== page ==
I spent the rest of the night doing homework, and I was at it till eleven o’clock.
After I stuffed my books back in my backpack, I sat at my desk, staring at the screen of my laptop. It sucked. I didn’t have time to do much more than go to bed. Cassie could probably stay up for days with no effect, but if I didn’t start sleeping soon, I’d sleep in class.
I might be able to get away with reading a few chapters of a book — provided I didn’t get involved enough to finish it. Then I might find myself going to bed at four in the morning.
I considered opening up the laptop again. Haley or Daniel might be online.
I wondered if Rachel was still up. I supposed I could go and check. I’d heard her practicing guitar a little bit, but that had been a couple hours ago.
So maybe, I told myself, I should just to go to bed.
I got into pajamas, got into bed, and congratulated myself for going to bed at an hour at which I’d sometimes found myself wearing the Rocket suit. I might, I thought, actually not feel dead tired the next morning.
Lying in bed, I listened to the breeze through the open window, open at night for the first time this year.
The screen ripped, and a dark figure flew through the window.
I tried to get off the bed, and onto my feet, but didn’t even get the chance to pull myself up.
Justice Fiend held one gloved hand over my mouth, and pushed the other into my abdomen before I got anywhere.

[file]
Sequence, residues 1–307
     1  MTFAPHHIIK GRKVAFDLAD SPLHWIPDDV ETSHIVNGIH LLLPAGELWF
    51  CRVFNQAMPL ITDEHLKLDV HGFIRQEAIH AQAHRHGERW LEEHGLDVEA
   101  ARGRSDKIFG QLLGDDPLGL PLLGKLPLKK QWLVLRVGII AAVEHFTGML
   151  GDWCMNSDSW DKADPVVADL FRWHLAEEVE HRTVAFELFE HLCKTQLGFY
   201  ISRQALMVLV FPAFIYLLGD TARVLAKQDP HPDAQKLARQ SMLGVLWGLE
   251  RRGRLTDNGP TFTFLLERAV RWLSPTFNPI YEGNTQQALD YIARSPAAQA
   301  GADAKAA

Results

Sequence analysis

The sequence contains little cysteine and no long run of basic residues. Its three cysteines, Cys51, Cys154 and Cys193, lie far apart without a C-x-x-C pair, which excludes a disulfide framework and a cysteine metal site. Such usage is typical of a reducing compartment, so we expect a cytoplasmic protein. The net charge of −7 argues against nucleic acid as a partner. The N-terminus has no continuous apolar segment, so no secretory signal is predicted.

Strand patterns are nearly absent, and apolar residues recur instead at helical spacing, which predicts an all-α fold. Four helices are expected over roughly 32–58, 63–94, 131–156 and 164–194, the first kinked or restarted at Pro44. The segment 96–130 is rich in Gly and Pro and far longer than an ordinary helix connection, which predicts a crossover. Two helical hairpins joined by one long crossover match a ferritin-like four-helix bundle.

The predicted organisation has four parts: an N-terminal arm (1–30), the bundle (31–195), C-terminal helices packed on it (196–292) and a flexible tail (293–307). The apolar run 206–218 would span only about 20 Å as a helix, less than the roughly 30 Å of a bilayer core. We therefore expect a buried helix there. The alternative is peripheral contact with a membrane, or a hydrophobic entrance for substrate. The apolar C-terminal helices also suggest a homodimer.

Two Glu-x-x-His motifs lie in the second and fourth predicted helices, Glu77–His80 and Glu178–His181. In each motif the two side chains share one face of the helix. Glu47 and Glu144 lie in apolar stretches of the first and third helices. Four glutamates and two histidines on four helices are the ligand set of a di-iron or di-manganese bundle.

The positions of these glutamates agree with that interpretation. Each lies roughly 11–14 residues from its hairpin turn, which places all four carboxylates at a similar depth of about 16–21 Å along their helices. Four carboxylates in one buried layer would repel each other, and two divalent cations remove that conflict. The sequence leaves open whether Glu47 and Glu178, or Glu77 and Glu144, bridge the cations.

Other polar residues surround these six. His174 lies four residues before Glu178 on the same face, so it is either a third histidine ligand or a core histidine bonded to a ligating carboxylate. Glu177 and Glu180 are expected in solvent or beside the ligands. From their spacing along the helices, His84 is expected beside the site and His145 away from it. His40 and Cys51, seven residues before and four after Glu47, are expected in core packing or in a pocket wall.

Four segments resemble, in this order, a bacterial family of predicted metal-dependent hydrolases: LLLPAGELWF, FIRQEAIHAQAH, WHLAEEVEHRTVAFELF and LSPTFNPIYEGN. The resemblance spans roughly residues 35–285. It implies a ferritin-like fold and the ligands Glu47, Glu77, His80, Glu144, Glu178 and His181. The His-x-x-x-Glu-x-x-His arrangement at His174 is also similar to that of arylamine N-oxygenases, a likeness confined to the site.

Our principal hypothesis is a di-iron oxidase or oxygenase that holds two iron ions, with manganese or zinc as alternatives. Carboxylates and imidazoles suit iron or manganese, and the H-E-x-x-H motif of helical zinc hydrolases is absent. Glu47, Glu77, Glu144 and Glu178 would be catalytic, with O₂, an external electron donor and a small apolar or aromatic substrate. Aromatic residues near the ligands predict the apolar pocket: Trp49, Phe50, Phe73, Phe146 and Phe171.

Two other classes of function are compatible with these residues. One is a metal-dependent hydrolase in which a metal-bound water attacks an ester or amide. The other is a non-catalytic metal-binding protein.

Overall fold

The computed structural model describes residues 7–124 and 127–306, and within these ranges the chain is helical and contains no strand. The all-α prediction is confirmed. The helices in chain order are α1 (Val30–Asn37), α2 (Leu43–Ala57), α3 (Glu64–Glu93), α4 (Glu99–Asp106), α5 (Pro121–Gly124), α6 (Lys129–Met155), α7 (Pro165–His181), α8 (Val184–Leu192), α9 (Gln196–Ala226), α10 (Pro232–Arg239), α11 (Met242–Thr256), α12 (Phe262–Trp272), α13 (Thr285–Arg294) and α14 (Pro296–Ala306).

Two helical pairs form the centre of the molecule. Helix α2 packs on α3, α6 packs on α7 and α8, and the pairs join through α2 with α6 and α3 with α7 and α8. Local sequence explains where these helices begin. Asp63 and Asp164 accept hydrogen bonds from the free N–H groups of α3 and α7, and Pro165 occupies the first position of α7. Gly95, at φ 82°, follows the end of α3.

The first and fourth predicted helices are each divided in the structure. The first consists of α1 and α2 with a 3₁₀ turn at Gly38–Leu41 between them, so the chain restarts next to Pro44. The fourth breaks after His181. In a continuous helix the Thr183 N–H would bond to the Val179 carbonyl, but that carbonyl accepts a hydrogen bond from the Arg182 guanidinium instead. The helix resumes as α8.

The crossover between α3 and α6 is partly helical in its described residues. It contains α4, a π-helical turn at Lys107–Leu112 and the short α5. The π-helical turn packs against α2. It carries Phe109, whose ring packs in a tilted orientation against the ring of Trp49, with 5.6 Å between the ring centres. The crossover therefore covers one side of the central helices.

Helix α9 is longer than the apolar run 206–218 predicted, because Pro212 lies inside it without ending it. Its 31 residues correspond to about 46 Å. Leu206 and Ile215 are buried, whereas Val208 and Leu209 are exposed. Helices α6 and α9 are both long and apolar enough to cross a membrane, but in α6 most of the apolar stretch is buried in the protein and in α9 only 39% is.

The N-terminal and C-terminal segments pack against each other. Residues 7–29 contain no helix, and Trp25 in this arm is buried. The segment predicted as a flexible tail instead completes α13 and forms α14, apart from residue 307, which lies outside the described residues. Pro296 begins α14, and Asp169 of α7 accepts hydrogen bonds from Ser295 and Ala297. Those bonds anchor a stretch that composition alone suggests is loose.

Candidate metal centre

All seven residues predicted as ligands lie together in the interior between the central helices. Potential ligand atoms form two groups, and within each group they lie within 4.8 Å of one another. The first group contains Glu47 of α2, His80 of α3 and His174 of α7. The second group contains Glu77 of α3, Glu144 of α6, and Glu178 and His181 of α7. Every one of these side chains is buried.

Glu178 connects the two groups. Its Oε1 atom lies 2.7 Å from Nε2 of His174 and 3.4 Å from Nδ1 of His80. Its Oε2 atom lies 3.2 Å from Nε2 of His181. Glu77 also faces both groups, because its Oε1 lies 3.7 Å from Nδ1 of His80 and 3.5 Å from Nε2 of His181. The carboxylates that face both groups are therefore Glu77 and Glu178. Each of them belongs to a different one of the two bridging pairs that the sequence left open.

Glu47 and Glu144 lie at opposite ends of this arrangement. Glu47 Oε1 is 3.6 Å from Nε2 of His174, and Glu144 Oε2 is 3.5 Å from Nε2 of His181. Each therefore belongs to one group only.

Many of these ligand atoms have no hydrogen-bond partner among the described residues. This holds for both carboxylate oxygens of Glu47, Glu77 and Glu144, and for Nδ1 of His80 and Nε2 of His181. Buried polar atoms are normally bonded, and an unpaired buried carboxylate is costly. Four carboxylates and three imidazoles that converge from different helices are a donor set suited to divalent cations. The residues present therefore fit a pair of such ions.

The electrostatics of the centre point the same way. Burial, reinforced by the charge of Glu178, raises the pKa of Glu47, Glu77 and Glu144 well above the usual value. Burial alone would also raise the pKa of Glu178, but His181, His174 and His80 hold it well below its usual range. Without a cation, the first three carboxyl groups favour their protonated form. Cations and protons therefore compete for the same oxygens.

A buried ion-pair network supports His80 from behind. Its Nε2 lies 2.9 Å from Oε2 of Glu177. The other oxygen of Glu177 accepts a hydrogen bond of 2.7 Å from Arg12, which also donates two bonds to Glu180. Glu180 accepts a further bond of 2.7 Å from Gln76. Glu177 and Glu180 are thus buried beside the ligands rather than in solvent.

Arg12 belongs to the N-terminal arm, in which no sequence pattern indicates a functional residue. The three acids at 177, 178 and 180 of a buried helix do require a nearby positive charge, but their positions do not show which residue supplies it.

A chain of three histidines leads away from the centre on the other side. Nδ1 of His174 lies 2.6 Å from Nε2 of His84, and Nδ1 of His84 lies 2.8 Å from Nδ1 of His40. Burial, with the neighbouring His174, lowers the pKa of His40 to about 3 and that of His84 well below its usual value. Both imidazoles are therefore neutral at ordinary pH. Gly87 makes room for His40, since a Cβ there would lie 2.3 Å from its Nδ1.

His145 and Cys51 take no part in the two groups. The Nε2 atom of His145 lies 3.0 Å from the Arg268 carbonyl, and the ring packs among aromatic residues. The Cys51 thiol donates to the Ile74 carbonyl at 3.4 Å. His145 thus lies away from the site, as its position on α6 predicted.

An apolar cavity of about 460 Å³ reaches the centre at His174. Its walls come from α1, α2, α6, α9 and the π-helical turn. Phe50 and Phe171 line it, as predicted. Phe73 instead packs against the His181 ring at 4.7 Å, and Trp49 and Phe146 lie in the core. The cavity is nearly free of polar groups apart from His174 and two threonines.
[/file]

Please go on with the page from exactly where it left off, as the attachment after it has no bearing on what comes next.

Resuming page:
I grabbed his arm with both hands and tried to move it away. I might as well have tried to pick up my high school.
Double V’s database rated Justice Fiend a 7 out of 10 for strength. They rated the Grey Giant an 9, and the Rocket suit a 5. They had only news reports to go on so the data had a fairly significant fudge factor, but that didn’t change the fact that they rated a normal, unmodified human a 1.
Their rating scale didn’t go up one unit at a time either. Each number represented a big jump up from the last — kind of like the Richter scale.
I didn’t try to bite his hand. Double V rated his “durability” an 8 out of 10. Grenades exploded harmlessly against his skin. My teeth weren’t going to get anywhere.
If I felt afraid before, it was much worse now.
Only the hand covering my mouth stopped me from screaming.
I tried to get it under control. I tried to think about the Rocket suit’s design and speculated about ways to improve the efficiency of the engine or change the fuel mixture.
I couldn’t concentrate.
I tried something less complex — finding all the prime numbers less than 500.
Still too hard.
Ditching anything that required complex thought, I concentrated on breathing in a way that Lee had taught me.
That was a little better, but not much.
Still, the fear ebbed a bit, but it might have been Justice Fiend more than anything I’d done.
“When I pull my hand away, tell me where the Ball is.”
He pulled his hand away.
“How did you find me?” Maybe I could distract him?
“I’m asking the questions.”
My line might not have been original, but his came out of every Hollywood interrogation ever made.